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The capability of the FlaK 30 was hampered by the gun’s low rate of fire, so Mauser was allocated the task of boosting the firing rate and, at the same time, significantly reducing the gun’s tendency to jam. The result was the 2cm Flak 38 that appeared in 1940 with a revised breech mechanism improving the cyclic and practical rates of fire to 420-480 and 180-220rpm respectively. The feed system and carriage/trailer were essentially unaltered, but sighting was now effected by means of the Flakvisier 38, a complex and somewhat fragile and expensive unit replaced from 1941 by the Linealvisier 38 open ring sight, itself succeeded from a time late in 1944 by the Schwebekreisvisier 38.


The FlaK 38 supplemented but did not supplant the FlaK 30, and during August 1944 the German air force alone had in service just under 17,600 Flak 30 and FlaK 38 guns. The FlaK 38 used the same ammunition as the Flak 30 and had the same detachment, and was also carried on a number of self-propelled mountings including the leichte Selbstfahrlafette (2cm FlaK 38) (SdKfz 10/5), the 2cm Flak 38 auf Mannschaftkraftwagen, the 2cm FlaK 38 auf le gl Lkw Kfz 70, the mittlerer Schützenpanzerwagen (2cm FlaK 38) (SdKfz 251), the SdKfz 251/17, and the leichte Flakpanzer 18(t) (SdKfz 140).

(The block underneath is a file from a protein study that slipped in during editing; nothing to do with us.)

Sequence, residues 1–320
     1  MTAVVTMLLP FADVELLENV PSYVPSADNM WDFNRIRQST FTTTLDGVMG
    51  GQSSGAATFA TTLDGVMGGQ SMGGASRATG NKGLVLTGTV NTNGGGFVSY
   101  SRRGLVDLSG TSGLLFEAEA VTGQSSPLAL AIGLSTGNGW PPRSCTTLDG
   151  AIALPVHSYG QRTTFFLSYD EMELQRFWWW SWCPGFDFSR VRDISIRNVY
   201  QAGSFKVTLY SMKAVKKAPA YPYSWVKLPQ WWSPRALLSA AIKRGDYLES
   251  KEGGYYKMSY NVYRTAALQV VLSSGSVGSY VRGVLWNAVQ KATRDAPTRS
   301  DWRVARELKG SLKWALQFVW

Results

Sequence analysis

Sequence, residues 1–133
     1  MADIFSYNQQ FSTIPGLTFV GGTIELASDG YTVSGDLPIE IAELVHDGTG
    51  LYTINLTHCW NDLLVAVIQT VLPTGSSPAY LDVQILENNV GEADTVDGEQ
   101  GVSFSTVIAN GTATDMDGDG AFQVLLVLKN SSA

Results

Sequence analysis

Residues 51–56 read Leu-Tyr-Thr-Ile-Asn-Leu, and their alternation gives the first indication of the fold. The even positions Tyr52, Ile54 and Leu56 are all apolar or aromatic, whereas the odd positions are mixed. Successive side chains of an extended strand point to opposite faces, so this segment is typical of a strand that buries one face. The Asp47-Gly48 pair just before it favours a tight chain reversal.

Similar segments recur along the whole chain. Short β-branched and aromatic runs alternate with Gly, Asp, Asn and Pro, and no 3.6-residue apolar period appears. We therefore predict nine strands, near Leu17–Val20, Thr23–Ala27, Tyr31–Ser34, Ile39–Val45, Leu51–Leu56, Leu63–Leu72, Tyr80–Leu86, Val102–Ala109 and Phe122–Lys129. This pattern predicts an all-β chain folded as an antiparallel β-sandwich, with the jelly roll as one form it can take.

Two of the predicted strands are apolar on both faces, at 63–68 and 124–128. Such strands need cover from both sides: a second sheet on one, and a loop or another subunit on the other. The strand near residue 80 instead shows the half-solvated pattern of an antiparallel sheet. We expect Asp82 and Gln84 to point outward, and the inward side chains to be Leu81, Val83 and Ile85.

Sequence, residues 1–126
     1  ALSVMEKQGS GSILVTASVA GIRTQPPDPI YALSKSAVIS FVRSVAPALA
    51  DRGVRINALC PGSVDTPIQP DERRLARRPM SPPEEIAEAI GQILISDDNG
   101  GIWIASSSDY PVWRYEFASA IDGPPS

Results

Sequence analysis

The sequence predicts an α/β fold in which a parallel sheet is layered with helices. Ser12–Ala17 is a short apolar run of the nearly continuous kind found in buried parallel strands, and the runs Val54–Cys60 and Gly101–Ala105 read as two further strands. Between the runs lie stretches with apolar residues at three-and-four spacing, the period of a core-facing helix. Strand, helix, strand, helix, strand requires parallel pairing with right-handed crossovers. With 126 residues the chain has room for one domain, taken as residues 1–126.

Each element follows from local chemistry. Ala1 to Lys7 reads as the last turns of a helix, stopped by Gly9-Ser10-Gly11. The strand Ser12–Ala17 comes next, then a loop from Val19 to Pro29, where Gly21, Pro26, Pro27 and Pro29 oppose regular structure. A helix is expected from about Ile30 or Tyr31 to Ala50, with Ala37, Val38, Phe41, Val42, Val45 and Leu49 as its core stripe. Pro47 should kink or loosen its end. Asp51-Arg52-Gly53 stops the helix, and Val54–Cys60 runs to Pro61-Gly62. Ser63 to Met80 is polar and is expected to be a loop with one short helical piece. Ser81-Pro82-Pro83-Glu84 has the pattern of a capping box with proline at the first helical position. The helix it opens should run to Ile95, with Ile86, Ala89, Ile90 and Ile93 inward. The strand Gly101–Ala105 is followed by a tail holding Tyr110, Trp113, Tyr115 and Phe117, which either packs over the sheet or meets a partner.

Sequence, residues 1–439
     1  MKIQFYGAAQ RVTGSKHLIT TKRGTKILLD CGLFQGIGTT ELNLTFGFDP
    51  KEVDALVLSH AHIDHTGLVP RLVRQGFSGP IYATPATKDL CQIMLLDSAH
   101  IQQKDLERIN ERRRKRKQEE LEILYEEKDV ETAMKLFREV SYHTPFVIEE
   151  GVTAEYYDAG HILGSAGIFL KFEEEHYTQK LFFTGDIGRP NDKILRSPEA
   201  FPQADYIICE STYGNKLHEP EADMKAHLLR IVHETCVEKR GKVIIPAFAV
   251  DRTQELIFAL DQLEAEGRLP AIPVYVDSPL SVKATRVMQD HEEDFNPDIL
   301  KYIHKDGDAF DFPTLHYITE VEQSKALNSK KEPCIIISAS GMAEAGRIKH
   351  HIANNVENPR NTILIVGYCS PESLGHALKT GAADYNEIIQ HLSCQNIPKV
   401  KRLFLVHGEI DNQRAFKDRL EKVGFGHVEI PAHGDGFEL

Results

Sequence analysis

light towed AA gun



20mm (0.8in)


Length of Barrel

2.2525m (88.68in)


Weight Travelling

750kg (1,654lb)


Weight in Action

420kg (926lb)


Elevation Arc

-20° to +90°


Traverse Arc



Effective Ceiling

2200m (6630ft)


Projectile Weight

0.119kg (0.2625lb)


Muzzle Velocity

900mps (2953fps)

The Elite Team recently restored this iconic German anti aircraft gun for a UK client.

The weapon and trailer only required light restoration , re-grease , oiling , removal of

old non original paint, then new primer and finishing paint.

Naturaly , our client was very happy with the completed restoration.

Click on picture for larger view

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